Tuesday, October 11, 2011
A Yoga of Opposites
If yesterday's yoga class was all about connecting to the self through the breath, slowing down, being peaceful and aware of each movement, today's was about as opposite as it gets. The frustration is that it was supposed to be "Mindful Yoga". Uh, not so much. What a difference a teacher makes...
I need to start by saying I have the utmost respect for anyone who teaches. Whether they're a good teacher or a not-so-good teacher can really boil down to a matter of opinion. How does their energy effect me? Are they giving the information to me in a way that I like to receive it? What kind of mood am I in? How were expectations set leading up to the class? You name it, it can affect the experience a student has and therefore affect the kind of opinion they have of a teacher, a class, a studio.
That being said, I visited a yoga studio, Yoga4You, in nearby Savage to take the aforementioned Mindful Yoga class. Now, I've taken the class there before, a handful of times, and have had one teacher I love (read: the class is actually "mindfully" taught, as advertised) and one I vowed I would never take a class from again (read: the class is taught by mindful's bi-polar cousin). Today's class was supposed to be taught by the former, and the latter was teaching instead. You can see my dilemma.
As much as I enjoy my home yoga practice, sometimes you can't beat the collective energy of a good studio class to inspire you to push the edges of your comfort zone a bit. A studio that appeals to your finer sensibilities, with teachers that resonate with you as teachers and as people, is priceless. I've experienced it before, so I know it's out there. But currently, I have no studio to call home and therefore, am on the prowl until I find one that feels worth the investment of my time, money and energy. Try as I might, this studio is not for me.
Oh, but I want it to be! Does the wanting make my expectations higher or lower? Yes, I have a six-class pass to finish up, but each time I go it seems I feel let down and wonder why I keep going back. Is it me? Or them?
To be fair, I think it's a disconnect -- what I'm looking for is just different from what they offer. For example, it's unclear if it's a yoga studio or a fitness club. Why is there a scale of all things in the lobby at a yoga studio? Isn't yoga meant to cultivate awareness and acceptance of the inner, immutable, unchangeable self as well as compassion for the body, rather than a focus on the arbitrary number of its weight? Likewise, there's the matter of the Zumba classes. At the "Y", yes. At a yoga studio? No.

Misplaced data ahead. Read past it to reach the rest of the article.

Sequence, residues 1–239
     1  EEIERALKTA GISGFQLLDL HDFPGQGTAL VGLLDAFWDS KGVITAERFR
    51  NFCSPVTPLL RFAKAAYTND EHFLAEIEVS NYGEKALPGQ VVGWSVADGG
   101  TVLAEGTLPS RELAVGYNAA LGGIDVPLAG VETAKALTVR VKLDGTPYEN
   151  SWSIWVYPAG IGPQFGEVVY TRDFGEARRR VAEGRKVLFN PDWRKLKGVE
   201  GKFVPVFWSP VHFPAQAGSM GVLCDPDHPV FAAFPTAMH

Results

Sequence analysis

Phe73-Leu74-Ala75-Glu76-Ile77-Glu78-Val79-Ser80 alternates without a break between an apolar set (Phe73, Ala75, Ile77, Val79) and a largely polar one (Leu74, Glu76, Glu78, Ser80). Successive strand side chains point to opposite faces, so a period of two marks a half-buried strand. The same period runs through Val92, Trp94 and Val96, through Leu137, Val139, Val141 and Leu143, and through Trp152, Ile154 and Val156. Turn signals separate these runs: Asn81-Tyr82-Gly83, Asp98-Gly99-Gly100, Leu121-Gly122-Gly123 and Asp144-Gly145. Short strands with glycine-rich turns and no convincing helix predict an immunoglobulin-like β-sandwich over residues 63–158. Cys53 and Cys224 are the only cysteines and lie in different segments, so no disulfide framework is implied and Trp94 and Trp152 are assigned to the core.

I fully admit to dancing gaily on my soapbox at the moment...please, bear with me.
Another head-scratcher for me is their new class, Christian Yoga. My question isn't from a religious perspective, but why not allow the principles of yoga, which is not a religion, speak for itself outside of a preferred dogma? Do we have to bastardize everything to make it marketable in our Western culture? Does it always have to be about mainstreaming, about feeding a demographic exactly what it wants (or thinks it wants), or can we depend on the curiosity of said demographic to willingly explore a philosophy that is in no way at odds with traditional religion by presenting it as such?
I know...it's up to them to create and teach whatever classes they want. And I don't have to go there. Or even write about it for that matter. It isn't the studio that is so much my issue (by all means, if you're looking for a studio, go give them try and make your own choice. Honestly. As I said before, we all have different preferences.) But clearly my experiences there sparked something in me.
So, what's my problem? I think it's this: Yes, there is something to be said for making yoga accessible to the masses. I would love nothing more than for every single solitary person to have the experience of a peaceful mind and a kind, generous relationship with their body and spirit in the name of yoga. However, I think this is better accomplished by trusting the wisdom of this ancient practice that has kept yoga relevant all these thousands of years...not by serving it up on a platter created by the same overworked, ego-based culture that is responsible for making people's lives so wild and crazy in the first place. We don't need to recreate the wheel here. Bottom line: There's something crucial that's lost in the translation to McWatered-Down Yoga that is worth holding onto.
And so I remain open to finding a studio that resonates.//
What's For Dinner Tonight?
After all that riggamarole, it was Chili for us tonight...from the freezer. Chock full of last season's farm-fresh veggies -- tomatoes, red peppers, onions, garlic, corn cut right off the cob. And still delicious (I highly recommend the Food Saver)! When I make it fresh this winter, the recipe will come along with it...I promise!
Tonight's recipe share is of a different kind...for after this blog posts, I'm off to the bath (no pictures, please!).
Super Soothing Bath Recipe
A tub full of water, as warm as you like it
1 quart of Epsom salts (I know it sounds like a lot, but it does a body good!)
10 drops of lavender essential oil
10 drops of ylang-ylang essential oil
Lights off. One candle will do, more if you like the ambiance. Lay back and relax. Focus on your breathing -- slow in breath, equally slow out. Continue to focus on your breath for as long as is comfortable... preferably until you begin to feel more connected to your body and your mind begins to still. Feel the warmth on your skin under water, feel the cool air on the rest of your skin. Be with those sensations. Stay in as long as you can, letting yourself wrinkle and prune. Dry off, get in your jammies and go straight to bed. Happy sleep!